Internet
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Internet!

After a month in Japan, we finally have internet in our apartment. I never thought I’d say it, but I miss the low muss, low fuss approach of Comcast.

Our service window was 1-5 p.m. on this rainy Friday, which means they showed up around 4:30. After checking a couple things, the technician makes a phone call, then hands me the phone. The man on the other end wants me to try and set it up myself.

How, exactly, would you like me to do that? I don’t have any cables, equipment…

He asks to speak to the technician, who after a short chat, hands the phone back to me. The technician will return shortly with a CD and some cable.

Internet

NTT technician splicing our internet into the above-ground wires.

“Some cable” involves a roll of electrical tape, a lift truck and some serious cable splicing 20 feet off the ground. Not to mention his sidekick, a dude in a white hazmat suit with flashing red lights built into it, holding a red LED wand and directing traffic like some Darth Vader/Breaking Bad/air traffic controller hybrid.

Darth Vader Breaking Bad

To be fair, the NTT guy was not nearly as scary as this combination.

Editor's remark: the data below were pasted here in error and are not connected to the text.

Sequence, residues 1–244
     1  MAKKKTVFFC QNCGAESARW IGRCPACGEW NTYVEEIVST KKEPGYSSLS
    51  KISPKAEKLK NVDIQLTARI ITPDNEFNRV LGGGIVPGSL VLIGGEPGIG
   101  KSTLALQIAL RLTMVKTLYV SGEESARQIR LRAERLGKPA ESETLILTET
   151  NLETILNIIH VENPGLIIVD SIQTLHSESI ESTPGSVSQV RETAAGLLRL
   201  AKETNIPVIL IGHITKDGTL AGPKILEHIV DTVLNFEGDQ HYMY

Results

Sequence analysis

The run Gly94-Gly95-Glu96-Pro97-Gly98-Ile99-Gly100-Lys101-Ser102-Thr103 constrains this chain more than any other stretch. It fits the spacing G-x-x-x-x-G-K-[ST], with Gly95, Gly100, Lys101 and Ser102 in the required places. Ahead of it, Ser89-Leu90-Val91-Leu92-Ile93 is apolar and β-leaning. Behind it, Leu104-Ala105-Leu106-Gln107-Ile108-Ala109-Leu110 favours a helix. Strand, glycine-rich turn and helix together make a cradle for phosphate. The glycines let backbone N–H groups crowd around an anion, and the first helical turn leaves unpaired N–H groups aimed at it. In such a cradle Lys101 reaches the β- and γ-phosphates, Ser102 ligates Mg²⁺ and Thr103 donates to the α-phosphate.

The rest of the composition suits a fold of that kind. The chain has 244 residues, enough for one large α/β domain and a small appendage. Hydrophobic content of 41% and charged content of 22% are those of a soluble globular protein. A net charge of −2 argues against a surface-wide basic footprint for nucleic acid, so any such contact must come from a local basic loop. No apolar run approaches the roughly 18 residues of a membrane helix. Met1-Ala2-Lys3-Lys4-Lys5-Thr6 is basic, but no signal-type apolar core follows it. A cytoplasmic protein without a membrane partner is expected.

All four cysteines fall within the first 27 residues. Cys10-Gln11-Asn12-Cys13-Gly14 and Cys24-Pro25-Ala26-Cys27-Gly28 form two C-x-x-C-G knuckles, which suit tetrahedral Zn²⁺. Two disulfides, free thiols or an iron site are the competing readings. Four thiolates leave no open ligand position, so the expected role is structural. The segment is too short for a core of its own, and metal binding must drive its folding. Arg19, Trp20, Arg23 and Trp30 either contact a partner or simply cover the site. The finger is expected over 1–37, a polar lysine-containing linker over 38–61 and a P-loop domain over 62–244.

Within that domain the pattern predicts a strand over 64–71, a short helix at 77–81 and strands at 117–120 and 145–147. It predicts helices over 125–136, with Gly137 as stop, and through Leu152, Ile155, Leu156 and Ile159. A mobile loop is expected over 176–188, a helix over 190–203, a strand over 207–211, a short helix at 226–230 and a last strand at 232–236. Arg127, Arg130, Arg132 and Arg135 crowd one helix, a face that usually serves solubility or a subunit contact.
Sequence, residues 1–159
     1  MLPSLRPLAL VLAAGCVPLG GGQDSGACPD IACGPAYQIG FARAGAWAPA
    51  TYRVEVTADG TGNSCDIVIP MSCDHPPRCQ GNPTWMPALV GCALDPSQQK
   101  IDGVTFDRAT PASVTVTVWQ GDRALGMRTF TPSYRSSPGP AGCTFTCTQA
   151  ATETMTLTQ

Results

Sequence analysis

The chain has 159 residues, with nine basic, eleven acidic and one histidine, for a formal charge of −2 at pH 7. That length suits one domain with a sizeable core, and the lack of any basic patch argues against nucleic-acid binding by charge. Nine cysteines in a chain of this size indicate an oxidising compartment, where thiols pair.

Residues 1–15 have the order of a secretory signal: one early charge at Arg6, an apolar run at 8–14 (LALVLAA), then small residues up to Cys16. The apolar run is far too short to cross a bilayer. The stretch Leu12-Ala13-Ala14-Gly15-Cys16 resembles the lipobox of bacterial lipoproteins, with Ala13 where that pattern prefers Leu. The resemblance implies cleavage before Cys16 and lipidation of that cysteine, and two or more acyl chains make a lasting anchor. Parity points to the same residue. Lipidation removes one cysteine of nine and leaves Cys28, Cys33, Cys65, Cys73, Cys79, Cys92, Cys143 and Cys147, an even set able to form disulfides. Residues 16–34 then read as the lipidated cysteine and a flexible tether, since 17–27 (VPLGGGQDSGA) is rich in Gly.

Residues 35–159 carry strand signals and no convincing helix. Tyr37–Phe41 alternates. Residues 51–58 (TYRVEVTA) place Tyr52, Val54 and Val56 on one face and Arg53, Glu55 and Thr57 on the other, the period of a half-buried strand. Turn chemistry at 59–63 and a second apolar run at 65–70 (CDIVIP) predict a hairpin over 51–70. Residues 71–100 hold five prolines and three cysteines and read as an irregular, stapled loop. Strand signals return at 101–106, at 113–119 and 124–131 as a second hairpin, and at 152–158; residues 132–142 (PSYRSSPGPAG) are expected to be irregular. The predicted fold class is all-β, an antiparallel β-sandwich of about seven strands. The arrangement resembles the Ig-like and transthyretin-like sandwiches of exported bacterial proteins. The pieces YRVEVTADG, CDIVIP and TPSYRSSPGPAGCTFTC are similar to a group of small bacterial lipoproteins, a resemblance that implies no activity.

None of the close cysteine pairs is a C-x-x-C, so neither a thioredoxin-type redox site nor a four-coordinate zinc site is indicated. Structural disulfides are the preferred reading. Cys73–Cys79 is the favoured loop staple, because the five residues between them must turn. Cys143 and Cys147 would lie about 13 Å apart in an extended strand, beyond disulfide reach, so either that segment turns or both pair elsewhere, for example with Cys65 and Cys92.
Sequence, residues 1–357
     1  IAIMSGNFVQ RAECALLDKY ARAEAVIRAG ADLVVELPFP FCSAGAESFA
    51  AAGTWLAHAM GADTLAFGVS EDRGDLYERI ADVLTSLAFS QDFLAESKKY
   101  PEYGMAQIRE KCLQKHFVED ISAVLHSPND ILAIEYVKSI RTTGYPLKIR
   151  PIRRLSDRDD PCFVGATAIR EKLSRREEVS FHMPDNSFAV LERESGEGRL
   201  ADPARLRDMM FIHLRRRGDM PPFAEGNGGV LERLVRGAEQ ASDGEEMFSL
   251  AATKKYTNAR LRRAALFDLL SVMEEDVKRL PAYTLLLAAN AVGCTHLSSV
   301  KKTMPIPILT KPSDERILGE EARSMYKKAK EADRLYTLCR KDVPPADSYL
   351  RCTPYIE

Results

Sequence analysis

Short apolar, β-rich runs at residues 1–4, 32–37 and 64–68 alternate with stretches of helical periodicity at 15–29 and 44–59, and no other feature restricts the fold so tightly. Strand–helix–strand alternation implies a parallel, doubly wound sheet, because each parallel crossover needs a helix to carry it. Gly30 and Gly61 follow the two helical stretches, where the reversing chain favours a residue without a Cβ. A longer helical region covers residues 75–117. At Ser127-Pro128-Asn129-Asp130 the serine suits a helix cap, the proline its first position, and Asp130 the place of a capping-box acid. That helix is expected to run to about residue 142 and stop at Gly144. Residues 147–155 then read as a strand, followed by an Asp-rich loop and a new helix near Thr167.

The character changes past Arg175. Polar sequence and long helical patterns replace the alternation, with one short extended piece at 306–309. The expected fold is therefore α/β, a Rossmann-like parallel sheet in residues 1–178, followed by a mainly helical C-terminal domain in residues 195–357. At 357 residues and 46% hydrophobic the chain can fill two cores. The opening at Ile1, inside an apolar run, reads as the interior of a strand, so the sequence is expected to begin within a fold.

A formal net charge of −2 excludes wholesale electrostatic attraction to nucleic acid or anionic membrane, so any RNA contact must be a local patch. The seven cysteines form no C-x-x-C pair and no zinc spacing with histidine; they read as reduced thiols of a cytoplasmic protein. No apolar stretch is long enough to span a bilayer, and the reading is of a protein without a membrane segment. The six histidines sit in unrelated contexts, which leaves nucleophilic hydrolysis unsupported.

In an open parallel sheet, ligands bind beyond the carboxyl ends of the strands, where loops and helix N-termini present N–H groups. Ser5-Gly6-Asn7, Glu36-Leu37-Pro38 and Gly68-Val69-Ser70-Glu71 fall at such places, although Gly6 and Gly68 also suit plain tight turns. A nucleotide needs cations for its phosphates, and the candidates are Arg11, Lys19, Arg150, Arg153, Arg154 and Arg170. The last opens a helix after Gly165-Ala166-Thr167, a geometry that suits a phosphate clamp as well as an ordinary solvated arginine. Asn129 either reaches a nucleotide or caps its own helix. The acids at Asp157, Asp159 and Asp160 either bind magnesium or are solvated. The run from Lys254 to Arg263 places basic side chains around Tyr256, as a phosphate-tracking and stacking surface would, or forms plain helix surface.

This was followed by a lot of drilling and banging as our internet, its lifeline securely strung over the street, was surgically inserted into our rented residence through the same slightly-opened window our air conditioning vents out.

All the while, the technician is perched on a wet ladder with wet shoes on our second-floor porch, inches from the railing and higher than he was when surrounded by the protection of the lift truck’s workbox. With each fumbled tool, one thought repeats in my mind:

We’re SO going to be on the news when he goes over the railing.

Fortunately, this seasoned pro dodges the precarious situation on the porch. It goes a little geek for a minute as he starts to set up the hardware and service, scanning QR codes with his phone, connecting the account to the modem.

Then he’s done. Gomenasai he says. Sorry. Basically, there’s no help for the English-speaking beyond this point. I have a stack of papers with various network names, usernames and passwords, labeled in Japanese. I have a CD with “easy” setup instructions… all in Japanese.

Internet

Pa-su-waa-do… Password!

Suffice to say, the CD doesn’t work. I start matching screenshots and kanji, navigating my way through the setup. Fail. Fail. SUCCESS! I have internet!

I hope that was all he meant by “we’d like you to try and set it up yourself,” because I’m pretty sure none of that other stuff was happening.

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